When We Get It Wrong

When We Get It Wrong

“I just want to make something risky,” he said, “something honest.”

It was week 4,852 of the pandemic. A vaccine was still a near, but not-yet-concrete possibility, and he had the itch.

There was a plan: a quarantine film. A small, passionate crew, self-isolating together, making something powerful. Meaningful.

“It will be about relationship abuse.”

My gut clenched a bit, but I listened. We talked it out. He asked me some questions about my own experiences. Other women, too. Wanted to get it right.

“Go for it!” I beamed, secretly jealous of the opportunity. I also had the itch.

A script came together quickly (I got cast as the shitty sister-in-law, but whatever). It was pretty decent. Risky, but that was the point.

After principal wrapped, there was a joy in his voice I hadn’t heard in far too long. That made me happy. We all deserved to be happy.

Later, in another too-rare joyful moment with this friend (thanks, Moderna), the details of the project took a turn that tainted our relationship in a big way. I felt like he immersed himself in a complex topic he didn’t fully understand for all the wrong reasons. I felt used … and still so proud ... and disillusioned … and strangely closer to him … and overwhelmingly sad.

Of course, I wrote about it. To make sense of it, to try to heal, and to beg that we stop doing this to each other as creatives. Ultimately, I concluded it would be hypocritical to use his complex story that I don’t fully understand for my own purposes.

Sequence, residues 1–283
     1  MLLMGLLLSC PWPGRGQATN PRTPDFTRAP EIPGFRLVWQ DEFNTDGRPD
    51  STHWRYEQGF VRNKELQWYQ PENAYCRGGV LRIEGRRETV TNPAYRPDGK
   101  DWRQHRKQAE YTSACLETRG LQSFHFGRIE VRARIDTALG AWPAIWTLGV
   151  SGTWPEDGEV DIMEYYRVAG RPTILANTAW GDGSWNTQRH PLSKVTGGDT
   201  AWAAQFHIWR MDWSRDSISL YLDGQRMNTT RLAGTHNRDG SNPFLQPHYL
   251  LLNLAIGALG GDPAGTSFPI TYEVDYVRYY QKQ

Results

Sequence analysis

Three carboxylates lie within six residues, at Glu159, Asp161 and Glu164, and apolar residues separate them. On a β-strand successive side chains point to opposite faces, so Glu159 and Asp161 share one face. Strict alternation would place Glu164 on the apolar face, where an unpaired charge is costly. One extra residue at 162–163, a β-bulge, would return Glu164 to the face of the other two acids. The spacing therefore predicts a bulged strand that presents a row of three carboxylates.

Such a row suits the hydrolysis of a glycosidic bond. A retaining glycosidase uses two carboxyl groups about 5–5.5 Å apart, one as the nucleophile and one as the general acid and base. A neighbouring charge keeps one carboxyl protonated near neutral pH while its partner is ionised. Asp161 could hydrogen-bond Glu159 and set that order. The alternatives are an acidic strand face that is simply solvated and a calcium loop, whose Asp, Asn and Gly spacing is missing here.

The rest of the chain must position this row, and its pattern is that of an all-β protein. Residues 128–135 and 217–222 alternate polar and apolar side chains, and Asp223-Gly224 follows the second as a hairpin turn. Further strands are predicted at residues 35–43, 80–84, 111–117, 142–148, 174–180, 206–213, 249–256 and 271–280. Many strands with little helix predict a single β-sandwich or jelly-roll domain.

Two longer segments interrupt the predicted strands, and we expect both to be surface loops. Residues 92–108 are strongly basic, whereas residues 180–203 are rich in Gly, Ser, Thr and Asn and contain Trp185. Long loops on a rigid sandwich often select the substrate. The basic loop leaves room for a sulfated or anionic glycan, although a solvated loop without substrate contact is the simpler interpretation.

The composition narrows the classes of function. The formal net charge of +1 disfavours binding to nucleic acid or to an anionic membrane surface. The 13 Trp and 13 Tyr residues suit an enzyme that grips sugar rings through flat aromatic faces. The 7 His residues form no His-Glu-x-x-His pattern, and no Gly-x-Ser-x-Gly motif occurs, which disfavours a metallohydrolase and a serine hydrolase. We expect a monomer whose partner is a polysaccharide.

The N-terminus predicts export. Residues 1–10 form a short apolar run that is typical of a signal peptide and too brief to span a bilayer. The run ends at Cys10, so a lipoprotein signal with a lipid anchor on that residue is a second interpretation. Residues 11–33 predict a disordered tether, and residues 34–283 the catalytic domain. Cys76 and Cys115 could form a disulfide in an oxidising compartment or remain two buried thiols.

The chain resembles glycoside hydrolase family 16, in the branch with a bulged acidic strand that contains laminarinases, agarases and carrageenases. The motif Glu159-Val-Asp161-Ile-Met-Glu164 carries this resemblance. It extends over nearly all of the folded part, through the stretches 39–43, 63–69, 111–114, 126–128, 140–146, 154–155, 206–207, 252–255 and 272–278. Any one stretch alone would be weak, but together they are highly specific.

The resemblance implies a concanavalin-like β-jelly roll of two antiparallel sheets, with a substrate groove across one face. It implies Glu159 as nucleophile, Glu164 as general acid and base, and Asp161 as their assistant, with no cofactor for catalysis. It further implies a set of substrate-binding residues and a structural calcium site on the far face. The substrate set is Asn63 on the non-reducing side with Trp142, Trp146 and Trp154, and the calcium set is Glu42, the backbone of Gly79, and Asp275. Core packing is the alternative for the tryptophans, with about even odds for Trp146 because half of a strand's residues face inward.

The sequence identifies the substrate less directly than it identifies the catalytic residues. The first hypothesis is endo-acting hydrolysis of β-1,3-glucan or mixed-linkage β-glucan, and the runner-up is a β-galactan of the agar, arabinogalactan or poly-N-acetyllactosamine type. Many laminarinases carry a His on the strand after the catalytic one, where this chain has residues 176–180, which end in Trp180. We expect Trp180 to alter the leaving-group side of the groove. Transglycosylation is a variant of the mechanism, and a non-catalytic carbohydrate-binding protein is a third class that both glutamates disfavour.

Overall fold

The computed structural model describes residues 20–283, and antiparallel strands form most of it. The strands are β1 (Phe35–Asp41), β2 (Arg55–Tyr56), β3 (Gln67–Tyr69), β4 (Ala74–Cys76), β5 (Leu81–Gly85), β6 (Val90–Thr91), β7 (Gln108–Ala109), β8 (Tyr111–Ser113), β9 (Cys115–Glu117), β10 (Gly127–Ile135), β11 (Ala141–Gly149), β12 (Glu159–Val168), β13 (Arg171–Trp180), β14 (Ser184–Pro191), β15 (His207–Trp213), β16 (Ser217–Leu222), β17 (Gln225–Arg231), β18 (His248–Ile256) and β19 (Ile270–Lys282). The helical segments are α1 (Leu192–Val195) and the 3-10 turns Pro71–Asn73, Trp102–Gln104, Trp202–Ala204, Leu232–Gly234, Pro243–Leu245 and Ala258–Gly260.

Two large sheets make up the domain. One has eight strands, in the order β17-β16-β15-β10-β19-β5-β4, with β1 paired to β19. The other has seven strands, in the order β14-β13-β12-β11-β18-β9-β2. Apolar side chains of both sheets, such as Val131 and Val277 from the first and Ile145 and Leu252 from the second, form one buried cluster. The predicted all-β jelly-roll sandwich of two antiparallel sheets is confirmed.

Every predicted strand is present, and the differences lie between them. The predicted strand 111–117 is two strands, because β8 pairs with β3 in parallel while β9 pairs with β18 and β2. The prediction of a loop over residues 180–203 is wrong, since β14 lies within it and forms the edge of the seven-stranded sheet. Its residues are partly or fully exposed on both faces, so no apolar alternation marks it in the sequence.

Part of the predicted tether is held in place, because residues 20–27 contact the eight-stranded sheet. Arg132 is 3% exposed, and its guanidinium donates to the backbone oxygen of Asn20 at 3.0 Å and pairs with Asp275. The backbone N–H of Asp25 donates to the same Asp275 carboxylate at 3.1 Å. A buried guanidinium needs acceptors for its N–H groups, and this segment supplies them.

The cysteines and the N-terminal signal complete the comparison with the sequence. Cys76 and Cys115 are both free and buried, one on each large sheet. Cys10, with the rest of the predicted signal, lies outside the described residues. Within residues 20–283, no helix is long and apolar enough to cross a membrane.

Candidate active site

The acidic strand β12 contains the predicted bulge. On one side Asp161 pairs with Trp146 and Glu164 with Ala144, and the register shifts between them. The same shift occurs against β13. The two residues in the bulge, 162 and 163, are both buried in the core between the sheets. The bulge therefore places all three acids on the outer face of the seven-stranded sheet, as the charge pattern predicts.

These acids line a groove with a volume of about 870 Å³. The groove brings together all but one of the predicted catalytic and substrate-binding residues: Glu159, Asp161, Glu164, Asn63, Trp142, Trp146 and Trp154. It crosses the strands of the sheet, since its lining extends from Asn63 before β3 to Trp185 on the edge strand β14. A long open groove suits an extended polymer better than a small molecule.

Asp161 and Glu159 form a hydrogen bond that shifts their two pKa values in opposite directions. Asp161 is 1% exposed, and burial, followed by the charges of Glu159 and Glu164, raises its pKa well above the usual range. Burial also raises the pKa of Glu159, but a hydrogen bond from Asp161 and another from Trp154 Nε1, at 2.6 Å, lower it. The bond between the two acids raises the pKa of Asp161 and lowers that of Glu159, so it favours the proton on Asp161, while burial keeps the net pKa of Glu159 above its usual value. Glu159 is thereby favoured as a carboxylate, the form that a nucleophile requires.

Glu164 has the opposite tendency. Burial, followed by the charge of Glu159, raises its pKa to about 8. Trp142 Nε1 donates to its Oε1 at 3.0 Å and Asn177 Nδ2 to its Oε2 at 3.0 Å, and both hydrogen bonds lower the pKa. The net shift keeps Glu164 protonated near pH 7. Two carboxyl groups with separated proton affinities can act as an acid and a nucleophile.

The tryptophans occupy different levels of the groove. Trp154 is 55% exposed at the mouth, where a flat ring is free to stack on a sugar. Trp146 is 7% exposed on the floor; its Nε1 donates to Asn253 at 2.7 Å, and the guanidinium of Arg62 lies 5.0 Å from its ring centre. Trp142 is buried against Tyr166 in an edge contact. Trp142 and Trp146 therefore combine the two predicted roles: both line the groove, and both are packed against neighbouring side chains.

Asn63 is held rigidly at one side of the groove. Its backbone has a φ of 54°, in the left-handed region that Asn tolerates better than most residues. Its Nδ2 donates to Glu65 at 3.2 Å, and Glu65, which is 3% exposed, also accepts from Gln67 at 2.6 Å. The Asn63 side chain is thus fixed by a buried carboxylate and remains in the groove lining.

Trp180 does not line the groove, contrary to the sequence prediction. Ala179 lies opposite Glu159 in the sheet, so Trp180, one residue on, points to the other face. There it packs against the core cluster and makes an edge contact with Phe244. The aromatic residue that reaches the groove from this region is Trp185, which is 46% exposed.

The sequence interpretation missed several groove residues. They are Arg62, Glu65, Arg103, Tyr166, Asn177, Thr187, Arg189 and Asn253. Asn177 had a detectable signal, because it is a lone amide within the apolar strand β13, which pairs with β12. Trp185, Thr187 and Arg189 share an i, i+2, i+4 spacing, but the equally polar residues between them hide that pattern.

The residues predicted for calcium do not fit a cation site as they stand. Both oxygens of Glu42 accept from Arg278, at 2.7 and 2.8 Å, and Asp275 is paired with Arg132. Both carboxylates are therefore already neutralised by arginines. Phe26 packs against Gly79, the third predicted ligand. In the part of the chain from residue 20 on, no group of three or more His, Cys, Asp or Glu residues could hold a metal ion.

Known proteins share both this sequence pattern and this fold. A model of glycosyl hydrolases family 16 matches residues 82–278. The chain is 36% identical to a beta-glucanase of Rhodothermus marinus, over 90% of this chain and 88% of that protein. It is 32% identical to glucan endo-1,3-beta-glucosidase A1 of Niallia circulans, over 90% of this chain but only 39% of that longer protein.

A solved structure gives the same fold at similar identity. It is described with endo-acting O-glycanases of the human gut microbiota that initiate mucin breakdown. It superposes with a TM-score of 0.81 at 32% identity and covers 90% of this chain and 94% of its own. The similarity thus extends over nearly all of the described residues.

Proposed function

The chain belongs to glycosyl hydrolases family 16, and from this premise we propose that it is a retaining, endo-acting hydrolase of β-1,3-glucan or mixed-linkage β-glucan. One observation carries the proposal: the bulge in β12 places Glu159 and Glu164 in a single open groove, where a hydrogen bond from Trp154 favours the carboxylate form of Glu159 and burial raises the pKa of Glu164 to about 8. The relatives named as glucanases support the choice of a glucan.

I’m taking my own advice.

It’s OK to have flawed and contradictory feelings.
- Fran Cabrera-Feo (Writer: "Gentefied" / HBO)

We all want to believe we are making art for the right reasons. That we are righting wrongs. That we are speaking hope into the universe. When we have something inside of us that has been repressed, be it by society or circumstance, that creative itch can be especially seductive.

The artist’s response to pain is to counteract it with beauty—an urge to affirm life even as we are drowning.

Sometimes we make magic.

Sometimes we get it wrong.

When you create a piece of art, you carry a two-handed burden: emotional honesty and situational honesty. On one side, you have a profound desire to make something cathartic and relatable. On the other, you have a deep fascination with the subject matter—an impulse to pick it apart and study its guts. These feelings are often entangled. It’s complicated, it’s confusing, and it’s easy to mistake your own infatuation for truth.

It’s a lot like falling in love; it’s easy to convince yourself it’s perfect, even when it’s not right.

Context matters. I was supportive of my friend’s film initially because the context at the outset was different than what it became by the end. Had he been more conscious and forthcoming about how his choices changed the the film over time, he could have adjusted, he could have avoided a lot of expense, and he could have avoided the humiliation of me turbo-punching him in the soft parts. Had I been more forthcoming with myself when writing this article, I would have realized that I was mad at him for more than the movie. That I was meeting hurt with hurt.

Like it or not, art is subjective. Even in the most ideal circumstances, you can’t fully control the meaning because you can’t control the context it was made in, and you can’t control the context in which the audience receives it. We see it all the time: projects have been torpedoed by the #MeToo movement, Black Lives Matter, or simply because the director was finally outed as an aggro jerkwad, and we’re all fed up with aggro jerkwads.

It’s no longer enough to say “I meant to make a meaningful film about X” when your actions say otherwise. It’s a lie. And audiences won’t separate the creator from their work. You are your work.